Monday, June 12, 2017


Rated PG for sci-fi action and some mild language.
Running time: 118 min.
Release date: November 18, 1994

Ever since Star Trek: The Next Generation hit the television airwaves in 1987, Trekkies everywhere began the debate of which captain was better: James T. Kirk or Jean-Luc Picard. Star Trek Generations unites the pair for the first time in a historic meeting. Unfortunately, the story surrounding this epic encounter does not fill one with the excitement that the occasion deserves.

The story begins in the year 2293, with Kirk (William Shatner), Scotty (James Doohan) and Chekov (Walter Koenig) attending the maiden voyage of a new Enterprise. They are there merely as observers as the new captain (Alan Ruck) guides the ship into space for a tour group that includes reporters. A distress signal is received and the new Enterprise is thrust into action. Of course, Kirk is anxious to jump in and when he is asked for his assistance, he immediately responds like it was the good ol' days. Kirk displays his old bravado which leads to his seemingly untimely demise. Flash forward "78 years later", and the crew of the Enterprise, led by Capt. Jean-Luc Picard (Patrick Stewart), is celebrating the promotion of Worf (Michael Dorn) as Lieutenant Commander. We get a couple of subplots for the crew, with Picard receiving word that his brother and nephew have died, leaving Picard a blubbering mess; and the android Data (Brent Spiner) experiments with an emotion chip, which leaves him acting inappropriately at the worst of times. A distress signal is received, the Enterprise responds, and people are rescued from an observatory that came under attack. Among those rescued is Dr. Soran (Malcolm McDowell), who seems pretty intent on getting back to the observatory to conduct his experiments. His experiments. of course, are evil. They involve destroying entire stars in order to clear the path for a ribbon of energy called "the Nexus" that will transport a being to where time has no meaning and your desires are fulfilled. Picard and the crew must stop Soran from destroying yet another star, and save millions of lives in the process. The idea of extra-dimensional realms just floating in space is something that Trek fans have long dealt with dating back to the original series. It is a plot device that is filled with techno babble and high concepts that are not totally accessible to all in the audience. Of course, the climactic scene takes place on a desert planet on top of a rickety catwalk, which is not very original and rather silly. Of course, Picard gets pulled into the Nexus and apparently his desire is to have children straight out of a Dickens story, but he eventually pulls himself together and discovers that Kirk is alive and well inside the Nexus as well. We get some silliness with Kirk on horseback chasing down a dream woman, with Picard chasing after him to convince him to come back to defeat Soran. The plot was moving along slowly as it was, but this silliness within the Nexus took the story down a path that I was not willing to follow.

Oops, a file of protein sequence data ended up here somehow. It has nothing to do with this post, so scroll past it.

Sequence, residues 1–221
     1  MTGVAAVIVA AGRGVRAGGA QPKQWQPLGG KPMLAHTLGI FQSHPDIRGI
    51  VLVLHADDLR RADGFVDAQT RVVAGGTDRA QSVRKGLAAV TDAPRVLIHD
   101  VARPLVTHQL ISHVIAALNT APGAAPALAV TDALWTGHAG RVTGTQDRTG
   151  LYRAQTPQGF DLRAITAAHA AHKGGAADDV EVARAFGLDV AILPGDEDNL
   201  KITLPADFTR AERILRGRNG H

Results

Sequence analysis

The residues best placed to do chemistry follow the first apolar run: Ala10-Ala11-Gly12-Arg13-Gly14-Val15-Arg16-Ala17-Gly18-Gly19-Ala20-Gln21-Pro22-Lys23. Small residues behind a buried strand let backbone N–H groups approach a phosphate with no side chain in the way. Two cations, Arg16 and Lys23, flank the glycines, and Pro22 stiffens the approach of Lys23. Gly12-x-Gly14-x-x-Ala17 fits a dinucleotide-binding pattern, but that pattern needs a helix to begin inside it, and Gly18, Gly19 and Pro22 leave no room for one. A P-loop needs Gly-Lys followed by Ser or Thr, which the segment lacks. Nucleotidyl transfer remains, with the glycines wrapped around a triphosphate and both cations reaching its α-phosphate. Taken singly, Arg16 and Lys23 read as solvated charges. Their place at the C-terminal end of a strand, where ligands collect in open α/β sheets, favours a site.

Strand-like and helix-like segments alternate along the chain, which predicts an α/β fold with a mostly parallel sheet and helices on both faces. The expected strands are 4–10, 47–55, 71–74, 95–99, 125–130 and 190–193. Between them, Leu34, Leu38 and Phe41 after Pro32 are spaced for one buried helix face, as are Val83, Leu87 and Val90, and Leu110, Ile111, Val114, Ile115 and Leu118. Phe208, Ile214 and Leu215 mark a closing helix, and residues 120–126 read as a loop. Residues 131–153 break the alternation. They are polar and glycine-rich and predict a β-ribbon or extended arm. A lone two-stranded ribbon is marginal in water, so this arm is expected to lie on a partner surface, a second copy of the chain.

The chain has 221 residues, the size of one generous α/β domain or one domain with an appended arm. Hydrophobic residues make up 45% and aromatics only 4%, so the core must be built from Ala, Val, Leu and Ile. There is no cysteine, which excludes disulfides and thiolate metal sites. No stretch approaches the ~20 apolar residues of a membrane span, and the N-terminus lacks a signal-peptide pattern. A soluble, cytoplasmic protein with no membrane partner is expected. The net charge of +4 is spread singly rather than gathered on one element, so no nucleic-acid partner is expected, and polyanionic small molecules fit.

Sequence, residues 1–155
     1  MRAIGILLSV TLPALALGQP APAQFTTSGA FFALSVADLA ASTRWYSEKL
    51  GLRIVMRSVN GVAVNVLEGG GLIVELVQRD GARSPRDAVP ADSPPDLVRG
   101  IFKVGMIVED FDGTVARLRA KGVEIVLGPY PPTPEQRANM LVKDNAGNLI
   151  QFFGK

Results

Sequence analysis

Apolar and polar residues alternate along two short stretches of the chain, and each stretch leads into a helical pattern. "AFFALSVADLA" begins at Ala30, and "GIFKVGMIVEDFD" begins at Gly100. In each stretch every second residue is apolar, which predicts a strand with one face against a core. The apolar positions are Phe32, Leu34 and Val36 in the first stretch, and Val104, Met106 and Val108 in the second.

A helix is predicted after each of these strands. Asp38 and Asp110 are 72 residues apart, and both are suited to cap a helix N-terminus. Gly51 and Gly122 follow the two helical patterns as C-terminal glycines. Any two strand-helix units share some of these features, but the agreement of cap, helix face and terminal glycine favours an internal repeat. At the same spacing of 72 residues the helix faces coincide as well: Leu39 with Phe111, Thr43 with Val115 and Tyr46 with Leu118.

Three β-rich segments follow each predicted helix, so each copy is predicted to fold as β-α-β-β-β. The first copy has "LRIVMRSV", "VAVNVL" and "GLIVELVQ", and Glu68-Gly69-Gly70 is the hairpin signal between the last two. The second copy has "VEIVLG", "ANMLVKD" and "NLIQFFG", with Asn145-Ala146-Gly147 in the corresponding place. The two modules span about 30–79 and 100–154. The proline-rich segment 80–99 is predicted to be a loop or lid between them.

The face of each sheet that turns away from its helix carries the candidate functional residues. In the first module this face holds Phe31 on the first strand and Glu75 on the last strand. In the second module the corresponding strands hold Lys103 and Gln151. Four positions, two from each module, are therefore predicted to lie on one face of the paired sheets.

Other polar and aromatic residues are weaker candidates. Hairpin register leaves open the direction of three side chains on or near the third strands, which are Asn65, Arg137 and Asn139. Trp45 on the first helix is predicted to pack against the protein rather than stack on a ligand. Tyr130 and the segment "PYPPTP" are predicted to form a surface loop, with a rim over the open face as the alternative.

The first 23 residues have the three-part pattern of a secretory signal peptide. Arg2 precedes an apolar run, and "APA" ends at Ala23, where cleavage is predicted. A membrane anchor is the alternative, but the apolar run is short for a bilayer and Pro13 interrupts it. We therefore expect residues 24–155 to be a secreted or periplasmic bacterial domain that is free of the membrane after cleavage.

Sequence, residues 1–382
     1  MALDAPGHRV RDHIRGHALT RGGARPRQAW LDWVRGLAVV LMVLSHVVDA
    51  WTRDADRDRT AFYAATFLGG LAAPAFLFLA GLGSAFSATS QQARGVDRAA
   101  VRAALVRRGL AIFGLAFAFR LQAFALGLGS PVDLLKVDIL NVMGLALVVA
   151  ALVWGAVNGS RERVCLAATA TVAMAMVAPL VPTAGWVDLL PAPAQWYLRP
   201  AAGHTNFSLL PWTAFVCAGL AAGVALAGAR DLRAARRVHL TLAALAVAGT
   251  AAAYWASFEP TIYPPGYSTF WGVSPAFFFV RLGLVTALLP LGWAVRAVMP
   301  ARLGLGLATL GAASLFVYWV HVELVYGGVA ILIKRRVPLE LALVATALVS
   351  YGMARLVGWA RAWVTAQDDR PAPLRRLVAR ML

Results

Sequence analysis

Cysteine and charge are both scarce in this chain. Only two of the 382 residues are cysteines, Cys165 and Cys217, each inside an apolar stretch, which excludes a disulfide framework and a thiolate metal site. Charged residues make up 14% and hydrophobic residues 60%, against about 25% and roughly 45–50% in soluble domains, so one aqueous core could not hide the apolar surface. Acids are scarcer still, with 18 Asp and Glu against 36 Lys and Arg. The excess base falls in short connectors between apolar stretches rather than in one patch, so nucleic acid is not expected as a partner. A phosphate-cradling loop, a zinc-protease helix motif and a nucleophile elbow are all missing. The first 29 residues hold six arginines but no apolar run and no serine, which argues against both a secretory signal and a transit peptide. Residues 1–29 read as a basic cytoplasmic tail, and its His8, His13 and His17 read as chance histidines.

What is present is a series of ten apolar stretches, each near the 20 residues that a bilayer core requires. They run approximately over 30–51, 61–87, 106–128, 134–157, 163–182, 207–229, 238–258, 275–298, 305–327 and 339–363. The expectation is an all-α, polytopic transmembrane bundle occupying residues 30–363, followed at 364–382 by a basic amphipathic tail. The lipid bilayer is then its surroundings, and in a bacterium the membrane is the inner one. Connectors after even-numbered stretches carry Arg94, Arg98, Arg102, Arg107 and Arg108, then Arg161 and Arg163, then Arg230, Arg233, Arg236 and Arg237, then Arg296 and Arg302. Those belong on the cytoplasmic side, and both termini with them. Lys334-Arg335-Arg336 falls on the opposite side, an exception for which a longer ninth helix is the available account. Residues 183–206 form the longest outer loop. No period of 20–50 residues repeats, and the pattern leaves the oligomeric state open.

Director David Carson is known for mostly directing television, and Star Trek Generations sort of has that extended TV episode feel to it. The budget is still big, with the visual effects and scope of the production being capably handled. In fact, the effects were the most impressive aspect of the film. However, Carson is unable to provide a pace that helps move the story forward. The drama revolving around Picard's family is part of the issue, as Picard broods and weeps his way through the first third of the story. Perhaps the film could have benefited more from a big-screen director.

The cast is familiar to those who watched the series. Patrick Stewart is a fine actor but, in this film, his Picard seems to be sleepwalking through the story, as if he was in a dream. The subplot involving Brent Spiner's Data provides a laugh or two as the android runs the full gamut of emotions throughout the film. However, the character becomes quite obnoxious in a few scenes and the comedy falls flat. Malcolm McDowell, as the villainous Soran, is not fully explored. Why is he so obsessed with the Nexus that he is willing to destroy entire solar systems because of it? He has some deal with Klingons that is not explored, and is then forgotten about entirely when the Klingons are destroyed. McDowell is another good actor who probably deserved more than the screenwriters were willing to give him.

Star Trek Generations contains some rather impressive visuals but overall it is an unsatisfying film that should have given more weight to the meeting between Picard and Kirk. Also, William Shatner and Kirk did not deserve the fate that this movie gives them and it was probably provided to give the movie a dramatic moment, since there are none to be found in this dull, plodding mess.

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